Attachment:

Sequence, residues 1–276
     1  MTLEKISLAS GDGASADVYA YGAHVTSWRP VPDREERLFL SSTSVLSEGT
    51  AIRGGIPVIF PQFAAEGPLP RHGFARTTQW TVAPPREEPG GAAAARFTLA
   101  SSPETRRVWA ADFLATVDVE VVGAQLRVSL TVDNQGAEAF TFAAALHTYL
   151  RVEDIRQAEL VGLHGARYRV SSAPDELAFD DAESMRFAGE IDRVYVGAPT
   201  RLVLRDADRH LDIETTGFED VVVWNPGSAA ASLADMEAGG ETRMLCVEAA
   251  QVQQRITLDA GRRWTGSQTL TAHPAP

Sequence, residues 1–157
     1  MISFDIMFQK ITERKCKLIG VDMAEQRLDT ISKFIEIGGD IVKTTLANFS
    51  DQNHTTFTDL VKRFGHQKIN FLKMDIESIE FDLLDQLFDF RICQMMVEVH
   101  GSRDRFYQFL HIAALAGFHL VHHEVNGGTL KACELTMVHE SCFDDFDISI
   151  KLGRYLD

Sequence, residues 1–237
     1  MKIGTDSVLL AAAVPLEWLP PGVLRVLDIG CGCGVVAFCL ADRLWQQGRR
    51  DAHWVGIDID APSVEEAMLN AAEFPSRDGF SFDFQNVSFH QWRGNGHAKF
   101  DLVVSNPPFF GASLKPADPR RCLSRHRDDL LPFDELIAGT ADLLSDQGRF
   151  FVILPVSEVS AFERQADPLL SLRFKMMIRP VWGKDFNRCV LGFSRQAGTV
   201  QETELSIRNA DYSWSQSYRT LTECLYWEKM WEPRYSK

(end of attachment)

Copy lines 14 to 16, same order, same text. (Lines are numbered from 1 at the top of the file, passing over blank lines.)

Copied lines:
     1  MKIGTDSVLL AAAVPLEWLP PGVLRVLDIG CGCGVVAFCL ADRLWQQGRR
    51  DAHWVGIDID APSVEEAMLN AAEFPSRDGF SFDFQNVSFH QWRGNGHAKF
   101  DLVVSNPPFF GASLKPADPR RCLSRHRDDL LPFDELIAGT ADLLSDQGRF